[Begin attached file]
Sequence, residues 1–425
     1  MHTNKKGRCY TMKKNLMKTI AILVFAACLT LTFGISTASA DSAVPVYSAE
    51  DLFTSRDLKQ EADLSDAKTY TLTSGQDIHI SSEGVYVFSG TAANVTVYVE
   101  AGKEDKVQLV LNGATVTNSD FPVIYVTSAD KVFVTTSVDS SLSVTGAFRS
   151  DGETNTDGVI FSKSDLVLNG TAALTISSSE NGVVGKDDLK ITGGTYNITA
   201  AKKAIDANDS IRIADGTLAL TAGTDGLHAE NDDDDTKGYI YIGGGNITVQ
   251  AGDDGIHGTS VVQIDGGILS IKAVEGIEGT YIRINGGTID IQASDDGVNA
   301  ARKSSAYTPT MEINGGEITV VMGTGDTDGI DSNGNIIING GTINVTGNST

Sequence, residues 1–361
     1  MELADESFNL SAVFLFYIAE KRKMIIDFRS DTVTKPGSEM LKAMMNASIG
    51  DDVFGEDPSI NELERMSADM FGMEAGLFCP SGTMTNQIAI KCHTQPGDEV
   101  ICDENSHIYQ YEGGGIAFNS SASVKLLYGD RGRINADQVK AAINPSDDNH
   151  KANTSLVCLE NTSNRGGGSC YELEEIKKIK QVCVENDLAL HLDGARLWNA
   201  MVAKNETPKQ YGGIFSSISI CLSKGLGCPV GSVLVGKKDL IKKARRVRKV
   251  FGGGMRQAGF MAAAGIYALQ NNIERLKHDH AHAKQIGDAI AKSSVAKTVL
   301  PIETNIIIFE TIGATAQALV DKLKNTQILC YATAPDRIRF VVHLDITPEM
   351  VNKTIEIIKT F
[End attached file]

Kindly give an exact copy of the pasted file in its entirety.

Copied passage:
Sequence, residues 1–425
     1  MHTNKKGRCY TMKKNLMKTI AILVFAACLT LTFGISTASA DSAVPVYSAE
    51  DLFTSRDLKQ EADLSDAKTY TLTSGQDIHI SSEGVYVFSG TAANVTVYVE
   101  AGKEDKVQLV LNGATVTNSD FPVIYVTSAD KVFVTTSVDS SLSVTGAFRS
   151  DGETNTDGVI FSKSDLVLNG TAALTISSSE NGVVGKDDLK ITGGTYNITA
   201  AKKAIDANDS IRIADGTLAL TAGTDGLHAE NDDDDTKGYI YIGGGNITVQ
   251  AGDDGIHGTS VVQIDGGILS IKAVEGIEGT YIRINGGTID IQASDDGVNA
   301  ARKSSAYTPT MEINGGEITV VMGTGDTDGI DSNGNIIING GTINVTGNST

Sequence, residues 1–361
     1  MELADESFNL SAVFLFYIAE KRKMIIDFRS DTVTKPGSEM LKAMMNASIG
    51  DDVFGEDPSI NELERMSADM FGMEAGLFCP SGTMTNQIAI KCHTQPGDEV
   101  ICDENSHIYQ YEGGGIAFNS SASVKLLYGD RGRINADQVK AAINPSDDNH
   151  KANTSLVCLE NTSNRGGGSC YELEEIKKIK QVCVENDLAL HLDGARLWNA
   201  MVAKNETPKQ YGGIFSSISI CLSKGLGCPV GSVLVGKKDL IKKARRVRKV
   251  FGGGMRQAGF MAAAGIYALQ NNIERLKHDH AHAKQIGDAI AKSSVAKTVL
   301  PIETNIIIFE TIGATAQALV DKLKNTQILC YATAPDRIRF VVHLDITPEM
   351  VNKTIEIIKT F